By Daniel Jolles OTD ’19
May 24: 9:30 am and 1:30 pm ceremonies
My first adult job was at a pre-school summer program as a one-on-one aide for a 5-year-old boy with autism. That led me to working at a unique after-school program for kindergarteners through fifth graders that featured Hebrew immersion and exploration of Jewish identity. While there, I found myself investing significant energy into supporting the children who had the greatest behavioral challenges.
During that time, I was introduced to a family friend, an incredible pediatric occupational therapist (OT), who gave me the opportunity to shadow him in the Albany school district. A lot of what he did was play-based, physically engaging, and extremely fun for the kids. Activities included obstacle courses which challenged gross motor skills and balance, handwriting to develop fine motor skills, and games that challenged social skills like taking turns or cognitive skills like focused attention and problem solving.
When I learned about how much developmental theory and clinical reasoning were behind each activity, I was certain that OT would provide me with the platform to blend my interests in working with children, my skills of critical thinking, and my passion for learning through doing.
OT seemed to be a profession where I could help kids with major behavioral challenges by using evidence-based strategies that are playful and engaging, and often require both clinical reasoning and creativity. The experience brought me full circle, because my first OT client was a 10-year-old boy also with autism in our community participant lab at Samuel Merritt University (SMU).
Researching brain injury
While I entered the Doctor of Occupational Therapy program with an interest in working with children, I kept an open mind. After being exposed to the variety of patient populations that OTs can work with, my interest shifted to working with adults.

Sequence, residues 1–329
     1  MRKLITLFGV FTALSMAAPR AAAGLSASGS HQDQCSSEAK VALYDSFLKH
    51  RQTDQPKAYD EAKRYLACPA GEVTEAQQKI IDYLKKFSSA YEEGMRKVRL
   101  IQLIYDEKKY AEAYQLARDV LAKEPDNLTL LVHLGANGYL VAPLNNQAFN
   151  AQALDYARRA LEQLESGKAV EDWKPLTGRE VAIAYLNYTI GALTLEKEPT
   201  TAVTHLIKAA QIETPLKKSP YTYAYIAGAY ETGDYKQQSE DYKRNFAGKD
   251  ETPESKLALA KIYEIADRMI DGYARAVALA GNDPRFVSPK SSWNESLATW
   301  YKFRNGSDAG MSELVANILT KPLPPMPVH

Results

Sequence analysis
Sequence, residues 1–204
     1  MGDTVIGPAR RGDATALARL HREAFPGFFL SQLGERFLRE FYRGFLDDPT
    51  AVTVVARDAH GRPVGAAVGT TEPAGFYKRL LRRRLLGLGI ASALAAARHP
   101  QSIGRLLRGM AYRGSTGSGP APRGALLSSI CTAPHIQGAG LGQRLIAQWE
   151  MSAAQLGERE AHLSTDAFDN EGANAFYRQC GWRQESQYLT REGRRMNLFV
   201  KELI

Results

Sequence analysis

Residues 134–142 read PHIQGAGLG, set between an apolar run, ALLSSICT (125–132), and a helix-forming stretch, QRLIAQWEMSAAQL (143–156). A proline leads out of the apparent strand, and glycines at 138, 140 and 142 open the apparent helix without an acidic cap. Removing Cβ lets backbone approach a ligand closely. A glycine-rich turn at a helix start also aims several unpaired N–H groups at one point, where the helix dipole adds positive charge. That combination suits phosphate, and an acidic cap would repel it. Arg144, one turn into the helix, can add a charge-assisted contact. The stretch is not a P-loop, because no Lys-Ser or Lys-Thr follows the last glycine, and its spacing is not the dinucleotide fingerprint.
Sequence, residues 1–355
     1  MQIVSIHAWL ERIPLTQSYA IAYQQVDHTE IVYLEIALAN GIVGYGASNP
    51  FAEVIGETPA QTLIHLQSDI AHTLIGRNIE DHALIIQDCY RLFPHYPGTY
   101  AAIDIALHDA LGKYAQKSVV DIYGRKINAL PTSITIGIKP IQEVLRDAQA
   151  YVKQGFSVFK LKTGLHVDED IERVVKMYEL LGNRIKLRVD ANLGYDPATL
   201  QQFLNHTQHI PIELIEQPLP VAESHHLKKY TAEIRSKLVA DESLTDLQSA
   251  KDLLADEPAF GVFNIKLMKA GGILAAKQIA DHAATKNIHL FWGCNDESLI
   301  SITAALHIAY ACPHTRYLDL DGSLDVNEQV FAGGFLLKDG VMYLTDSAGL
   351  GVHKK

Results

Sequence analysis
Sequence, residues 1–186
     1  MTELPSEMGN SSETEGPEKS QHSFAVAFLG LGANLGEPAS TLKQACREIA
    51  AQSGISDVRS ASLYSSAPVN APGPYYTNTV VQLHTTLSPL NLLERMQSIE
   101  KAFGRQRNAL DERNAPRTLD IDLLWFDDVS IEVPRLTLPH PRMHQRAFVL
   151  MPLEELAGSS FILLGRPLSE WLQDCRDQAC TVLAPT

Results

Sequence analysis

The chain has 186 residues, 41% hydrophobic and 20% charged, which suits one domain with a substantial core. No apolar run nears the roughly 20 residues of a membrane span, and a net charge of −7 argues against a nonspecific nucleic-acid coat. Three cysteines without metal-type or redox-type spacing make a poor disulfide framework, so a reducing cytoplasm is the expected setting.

I am currently working on my final research project, studying individuals with acquired brain injury — a group of people that I had absolutely no experience with prior to starting this program. Acquired brain injury is any type of injury to the brain that alters functioning, and can be the result of trauma, such as a car accident, or stroke, infection, a tumor, etc. My research looks at what causes adults with brain injury to become physically aggressive and/or violent. My research demonstrates that training staff of a residential long-term care facility for adults with brain injury on common circumstances that trigger aggression will improve their ability to recognize those triggers when they are happening in real time. Ultimately, the goal of the research is to improve the patient’s quality of life by helping to manage things that provoke them so they can feel safe.
My time at SMU has been shaped by those around me. OT is the type of profession that draws some of the most incredible people into it, and my classmates and professors have continued to inspire me every day of the program. I have never been surrounded by such a plethora of people who care so much about helping others, with respect, equity, and genuine compassion.
The most awe-inspiring part of the program for me was working with cadavers in our anatomy course. The experience brought up many feelings and thoughts about the nature of our existence, the relationship of the body and the soul, and also the wonders of the incredible details and intricacies of the human body. I think we often forget about how many millions of things are functioning properly in our bodies at any given moment, even when we are sick, how many innumerable processes are working to fight for survival.
Ready for commencement and the future
I like that commencement means both graduation and beginning. My classmates and I have worked so hard to get to this point and, yet, we are about to begin the profession we have spent the past three years learning about. The truth is that our learning is just beginning because there is still a lot we don’t know.
I hope to initially work in a hospital setting after I become a licensed OT. Working with people when they are at their most vulnerable, as most are when in acute care, is an intimate and powerful experience to share with someone.
As I’m about to graduate, I want to offer some tips to current and future OT students:
Don’t be afraid to ask for help! Nobody gets through this program on their own. You will rely on your classmates more than you could know, the faculty always have office hours, and SMU offers peer tutoring for free.
Also, try to find a good school-life balance, take advantage of the SMU Wellness Club, and find your “spot” on campus where you can settle in and be productive.